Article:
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Theses Doctoral

Deadly Speech: Denunciation and the Radicalization of Discourse during the French Revolution

Sopchik, Rebecca

My dissertation examines the question of how the incorporation of literary forms and techniques into written denunciations radicalizes the discursive practices of accusation during the French Revolution. I explore how the exploitation of literary elements such as genre and rhetorical strategies by revolutionary writers increases the scope and virulence of their attacks and contributes to the radicalization in the text of three key figures: the author-narrator, the imagined reader, and the object of denunciation. In the first part, I study the use of these strategies and their impacts on tone and the communication of meaning in two forms of the popular press: the ephemeral newspapers of 1789 (journals with under twenty issues) and the Private Lives (scandalous biographies of important public figures). In part two I show how writers with first-hand knowledge of recent violence and the deadliness of denunciation become confronted with the problem of how to condemn the worst aspects of the Revolution without partaking in incendiary speech themselves. Although still denouncing to a certain extent, these writers also try to resolve this dilemma through plays with perspective and parody. I examine this phenomenon in case studies of three authors who lived through the Revolution and whose writings were impacted to varying degrees by the events of 1789 to 1795: Nicolas Edme Restif de La Bretonne, Louis Sebation Mercier, and the Marquis de Sade.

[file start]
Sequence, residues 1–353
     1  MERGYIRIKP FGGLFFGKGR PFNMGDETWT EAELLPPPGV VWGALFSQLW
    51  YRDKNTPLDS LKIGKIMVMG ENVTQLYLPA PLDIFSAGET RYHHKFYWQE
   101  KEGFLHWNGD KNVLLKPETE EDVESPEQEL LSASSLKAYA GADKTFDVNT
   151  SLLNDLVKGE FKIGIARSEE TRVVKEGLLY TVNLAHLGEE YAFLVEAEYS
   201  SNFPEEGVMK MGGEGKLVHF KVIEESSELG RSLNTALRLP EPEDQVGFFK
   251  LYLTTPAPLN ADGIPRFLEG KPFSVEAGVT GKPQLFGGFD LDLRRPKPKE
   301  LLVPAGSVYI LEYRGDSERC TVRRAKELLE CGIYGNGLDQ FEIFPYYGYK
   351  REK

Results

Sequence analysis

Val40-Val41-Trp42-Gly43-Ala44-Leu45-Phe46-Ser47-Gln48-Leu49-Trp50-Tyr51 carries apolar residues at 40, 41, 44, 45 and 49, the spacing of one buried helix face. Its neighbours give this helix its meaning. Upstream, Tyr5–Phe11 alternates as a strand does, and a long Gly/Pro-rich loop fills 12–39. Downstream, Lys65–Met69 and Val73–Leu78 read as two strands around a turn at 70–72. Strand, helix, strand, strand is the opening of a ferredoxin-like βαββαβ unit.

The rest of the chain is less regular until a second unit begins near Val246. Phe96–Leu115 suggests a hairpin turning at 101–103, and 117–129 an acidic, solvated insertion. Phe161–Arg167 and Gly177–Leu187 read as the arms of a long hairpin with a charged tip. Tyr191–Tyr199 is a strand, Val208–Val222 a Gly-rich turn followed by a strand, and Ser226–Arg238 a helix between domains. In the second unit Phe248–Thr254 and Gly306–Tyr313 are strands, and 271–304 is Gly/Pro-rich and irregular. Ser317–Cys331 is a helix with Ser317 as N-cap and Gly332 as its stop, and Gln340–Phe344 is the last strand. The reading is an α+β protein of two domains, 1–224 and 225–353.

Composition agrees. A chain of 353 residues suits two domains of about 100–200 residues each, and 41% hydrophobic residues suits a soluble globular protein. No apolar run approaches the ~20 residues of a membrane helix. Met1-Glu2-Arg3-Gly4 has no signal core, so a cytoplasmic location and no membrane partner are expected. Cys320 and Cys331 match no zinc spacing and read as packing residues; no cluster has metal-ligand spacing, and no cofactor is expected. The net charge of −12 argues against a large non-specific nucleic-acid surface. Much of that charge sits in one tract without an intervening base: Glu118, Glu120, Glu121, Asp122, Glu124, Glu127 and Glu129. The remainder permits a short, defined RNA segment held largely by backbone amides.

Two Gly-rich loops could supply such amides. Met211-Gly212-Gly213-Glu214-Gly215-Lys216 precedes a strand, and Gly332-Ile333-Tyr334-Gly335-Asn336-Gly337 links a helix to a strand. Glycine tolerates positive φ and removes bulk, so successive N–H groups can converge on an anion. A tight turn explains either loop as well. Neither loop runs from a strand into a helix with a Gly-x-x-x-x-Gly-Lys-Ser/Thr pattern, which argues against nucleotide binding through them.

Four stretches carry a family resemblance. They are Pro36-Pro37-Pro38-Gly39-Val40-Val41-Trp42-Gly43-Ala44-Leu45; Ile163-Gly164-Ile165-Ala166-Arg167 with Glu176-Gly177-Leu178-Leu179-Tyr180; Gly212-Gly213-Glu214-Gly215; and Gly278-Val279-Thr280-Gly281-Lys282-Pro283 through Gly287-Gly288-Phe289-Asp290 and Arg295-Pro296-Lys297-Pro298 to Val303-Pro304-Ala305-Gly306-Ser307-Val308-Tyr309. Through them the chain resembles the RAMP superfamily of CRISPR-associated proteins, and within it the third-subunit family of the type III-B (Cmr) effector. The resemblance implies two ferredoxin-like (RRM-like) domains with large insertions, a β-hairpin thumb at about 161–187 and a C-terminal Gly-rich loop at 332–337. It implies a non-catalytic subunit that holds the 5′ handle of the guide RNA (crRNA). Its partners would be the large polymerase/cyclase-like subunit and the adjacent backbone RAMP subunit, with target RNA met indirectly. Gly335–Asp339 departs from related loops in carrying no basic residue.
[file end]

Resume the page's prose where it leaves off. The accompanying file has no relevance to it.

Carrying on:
My study is situated at the crossroads of previous historical and literary scholarship on denunciation. Historians examining the practice of denunciation have investigated contemporary debates over calumny and the limits of free speech, the de individualization of the object of attack, and the impact of the period's obsession with transparency on the conceptualization of the denounced individual. These studies concentrate for the most part on political discourses and debates, laws, and the mechanics of the press and print culture. Scholarship analyzing rhetorical and literary aspects of revolutionary texts has slowly begun to emerge, and these literary analyses by historians on clandestine literature have identified important trends and have performed key case studies. My study supplements this existing work by focusing on such neglected areas as the relationship between the author and his imagined reader, while presenting a wider examination of the circulation of discourses between these texts to begin to grasp how these writers responded to, attacked, and adopted the denunciatory culture of their time.

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More About This Work

Academic Units
French and Romance Philology
Thesis Advisors
Stalnaker, Joanna R.
Degree
Ph.D., Columbia University
Published Here
December 11, 2014
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